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When last we met, I told you we'd just checked into our 10th floor room of the Hilton, overlooking the Gulf in Sandestin.
The sand really is both soft and white in this part of Florida, something folks have been telling me about for years. Thursday morning, driving across the street to the Bayside of the resort, Bruce finally got to put his kayak in the water, but not before a delicious breakfast in the hotel. One of the perks of being a traveling man is primo-status with the hotels he frequents. Adjacent to us sat a family with a beautiful little girl, mostly being ignored by her parents because they only have eyes for their phones!
It was really remarkable how little attention they paid to her--made me sad.

The kayaker/fisherman heading out to sea:
 I'm always surprised how often I see roaming cats wherever I go:
While Mr. Bruce was battling the wind, I rode my bike on the pristine bike path amongst the various villages, golf courses, lakes, and small ponds.
Oh wait, there's a leaf on the ground in this shot, probably one of only a few! Seriously, everything is perfect; the developers thought of everything for an idyllic life. Some folks apparently actually live there. Riding around, I thought to myself, this must be what utopia is. Not that I think I'd want a steady diet of perfect, but it was nice for a few days. Locking my bike (probably unnecessary), I walked a little nature path seduced by this:
Apparently that is one thing they can't control--the presence of birds--I saw nary a one. That said, it was pleasant despite the lack of feathered friends filling the air with their song. Not far from there, I saw a sign for "Joelee's Island," with an adjacent gravel parking area. Indeed, a bridge connected visitors to an island in the bay, left mostly in natural conditions.
Mostly because there are a couple of themed playgrounds here and there amongst the pine trees and palmettos. A nature trail runs along the shore line. Back on the mainland, I kept riding towards "Lakeside", passing flowering trees and attractive benches.
The weather, slightly overcast, was windy and comfortable. I met Bruce back by the water where he was resting in a comfortable chair beneath palm trees. Once out on the open water, that wind almost got the better of him, with only one fish to show for his efforts. I say show, however, I never saw said fish because he always puts them back.

Once our gear was loaded up we finally headed to Destin proper. I'm unclear what folks do or see there, but what we saw was the marina.
On the far upper right of the photograph, there is a bridge leading visitors to the barrier island you see in the distance. My zoom lens shows the lovely water color.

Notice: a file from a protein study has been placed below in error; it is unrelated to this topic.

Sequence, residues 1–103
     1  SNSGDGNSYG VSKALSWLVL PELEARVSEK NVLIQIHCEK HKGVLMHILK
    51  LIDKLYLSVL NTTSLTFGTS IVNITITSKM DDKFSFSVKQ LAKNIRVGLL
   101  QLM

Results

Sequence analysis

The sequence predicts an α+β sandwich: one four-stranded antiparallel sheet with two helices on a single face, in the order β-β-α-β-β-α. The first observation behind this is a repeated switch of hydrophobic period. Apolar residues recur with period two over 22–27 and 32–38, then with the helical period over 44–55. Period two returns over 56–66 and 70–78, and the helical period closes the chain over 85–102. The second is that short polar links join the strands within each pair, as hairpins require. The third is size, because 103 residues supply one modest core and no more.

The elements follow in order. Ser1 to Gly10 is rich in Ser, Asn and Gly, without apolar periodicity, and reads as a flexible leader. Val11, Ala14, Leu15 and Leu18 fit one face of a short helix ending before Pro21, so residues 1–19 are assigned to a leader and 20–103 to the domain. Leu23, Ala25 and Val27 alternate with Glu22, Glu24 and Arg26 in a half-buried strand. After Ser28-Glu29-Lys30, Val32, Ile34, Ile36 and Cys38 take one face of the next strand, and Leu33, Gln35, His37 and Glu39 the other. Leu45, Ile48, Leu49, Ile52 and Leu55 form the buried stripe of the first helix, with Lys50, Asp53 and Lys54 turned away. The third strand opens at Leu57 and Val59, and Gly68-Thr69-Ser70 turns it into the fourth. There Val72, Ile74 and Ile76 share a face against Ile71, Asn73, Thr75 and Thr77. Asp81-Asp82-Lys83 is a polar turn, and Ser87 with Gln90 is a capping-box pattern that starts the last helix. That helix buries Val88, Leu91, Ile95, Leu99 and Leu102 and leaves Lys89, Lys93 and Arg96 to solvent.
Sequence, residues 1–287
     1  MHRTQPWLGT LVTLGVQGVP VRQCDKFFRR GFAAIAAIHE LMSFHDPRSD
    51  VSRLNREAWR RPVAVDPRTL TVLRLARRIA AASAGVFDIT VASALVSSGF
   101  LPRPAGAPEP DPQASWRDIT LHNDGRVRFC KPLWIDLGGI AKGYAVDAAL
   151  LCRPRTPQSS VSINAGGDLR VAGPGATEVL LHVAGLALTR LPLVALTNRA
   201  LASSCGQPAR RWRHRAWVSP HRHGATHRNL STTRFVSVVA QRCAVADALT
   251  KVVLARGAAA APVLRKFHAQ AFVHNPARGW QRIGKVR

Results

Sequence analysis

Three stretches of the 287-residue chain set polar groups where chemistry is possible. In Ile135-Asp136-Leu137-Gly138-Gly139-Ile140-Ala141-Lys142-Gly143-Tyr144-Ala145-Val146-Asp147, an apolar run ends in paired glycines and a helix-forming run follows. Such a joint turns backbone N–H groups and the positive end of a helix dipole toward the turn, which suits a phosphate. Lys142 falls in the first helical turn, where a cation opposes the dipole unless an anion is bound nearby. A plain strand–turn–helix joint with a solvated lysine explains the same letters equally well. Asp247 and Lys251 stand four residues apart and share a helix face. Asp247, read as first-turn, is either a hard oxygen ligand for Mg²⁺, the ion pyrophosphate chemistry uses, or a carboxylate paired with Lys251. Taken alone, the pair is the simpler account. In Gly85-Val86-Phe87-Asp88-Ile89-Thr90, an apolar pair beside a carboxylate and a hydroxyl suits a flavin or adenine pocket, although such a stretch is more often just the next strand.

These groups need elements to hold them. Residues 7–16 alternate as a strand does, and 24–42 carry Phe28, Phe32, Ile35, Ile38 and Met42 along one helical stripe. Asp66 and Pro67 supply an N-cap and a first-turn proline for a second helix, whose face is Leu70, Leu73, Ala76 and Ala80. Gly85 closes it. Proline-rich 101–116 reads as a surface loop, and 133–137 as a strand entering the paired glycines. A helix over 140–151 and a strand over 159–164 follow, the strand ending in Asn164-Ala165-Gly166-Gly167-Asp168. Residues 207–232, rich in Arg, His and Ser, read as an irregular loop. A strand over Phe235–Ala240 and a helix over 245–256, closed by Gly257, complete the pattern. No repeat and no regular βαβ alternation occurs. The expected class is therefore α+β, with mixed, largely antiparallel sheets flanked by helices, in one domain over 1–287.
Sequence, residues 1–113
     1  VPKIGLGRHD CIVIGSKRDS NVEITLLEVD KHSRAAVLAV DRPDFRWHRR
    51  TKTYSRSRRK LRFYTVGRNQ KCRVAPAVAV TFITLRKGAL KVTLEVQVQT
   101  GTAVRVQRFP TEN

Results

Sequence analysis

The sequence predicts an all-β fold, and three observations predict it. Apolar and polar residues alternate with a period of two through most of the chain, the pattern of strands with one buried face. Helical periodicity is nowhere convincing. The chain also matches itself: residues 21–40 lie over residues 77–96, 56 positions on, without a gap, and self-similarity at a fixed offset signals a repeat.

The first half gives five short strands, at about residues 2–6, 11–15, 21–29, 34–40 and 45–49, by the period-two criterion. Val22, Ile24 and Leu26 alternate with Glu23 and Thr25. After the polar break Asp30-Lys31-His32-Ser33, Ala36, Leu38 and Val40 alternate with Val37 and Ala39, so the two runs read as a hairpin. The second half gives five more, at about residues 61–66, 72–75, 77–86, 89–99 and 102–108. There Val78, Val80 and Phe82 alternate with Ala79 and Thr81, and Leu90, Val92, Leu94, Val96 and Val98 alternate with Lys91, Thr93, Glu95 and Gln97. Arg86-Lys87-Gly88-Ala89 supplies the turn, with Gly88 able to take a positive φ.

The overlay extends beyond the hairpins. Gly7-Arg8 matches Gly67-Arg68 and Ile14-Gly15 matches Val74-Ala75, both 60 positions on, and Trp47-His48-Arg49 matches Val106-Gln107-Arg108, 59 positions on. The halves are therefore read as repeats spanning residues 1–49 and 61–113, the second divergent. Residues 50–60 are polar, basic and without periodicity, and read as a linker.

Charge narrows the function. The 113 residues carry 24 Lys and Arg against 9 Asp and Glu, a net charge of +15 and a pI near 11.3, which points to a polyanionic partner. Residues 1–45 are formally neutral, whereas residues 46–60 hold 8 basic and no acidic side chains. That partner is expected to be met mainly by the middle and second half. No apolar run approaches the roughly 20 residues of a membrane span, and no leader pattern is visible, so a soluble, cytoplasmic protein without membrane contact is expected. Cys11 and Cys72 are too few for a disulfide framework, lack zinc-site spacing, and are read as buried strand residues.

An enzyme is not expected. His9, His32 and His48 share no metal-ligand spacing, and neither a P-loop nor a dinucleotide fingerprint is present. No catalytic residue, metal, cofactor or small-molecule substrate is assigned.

Destin, before becoming the go-to spot in the Panhandle, was a small fishing village. Apparently, the fish have not abandoned the place in spite of the influx of tourists.
Having lunch at Al's, overlooking the marina was fun--fried pickles on the menu! We headed back the ten miles to our place, me to do some reading poolside, although many folks braved the winds to sit directly on the beach:
Once back in our room, I looked from the balcony to see this wedding about to begin:
I wonder how they convinced the guys to wear those outfits?

Later we went back over to the Bayside for Bruce to fish in one of the catch and release ponds,
where he caught one little one as I read. See how pretty everything is? Although we walked around the Bayside Wharf area, which I think I told you looked like Downtown Disney, with a rock climbing wall, zip line, multiple themed eateries and even a carousel,
we ended our day back at the hotel for a little bite to eat.

Friday was overcast and misty with the promise of rain later, which on our drive home we encountered sporadically. Again we took the long way, this time a different route, taking us through the town of Bruce,
which was so small, we missed it on our way through. Pulling over, I ran across the street to get this shot of the entry sign we just passed.

If we thought the towns were small along the coast, the interior towns were even smaller. Bruce, for example, has about 500 residents. More wildflowers and lovely country scenery.
Eventually we came to Ocala where the traffic picked up considerably, staying that way pretty much the rest of the way home. We took turns driving the 400+ miles home, amusing ourselves by looking up obscure facts on our iPhones, county by county.

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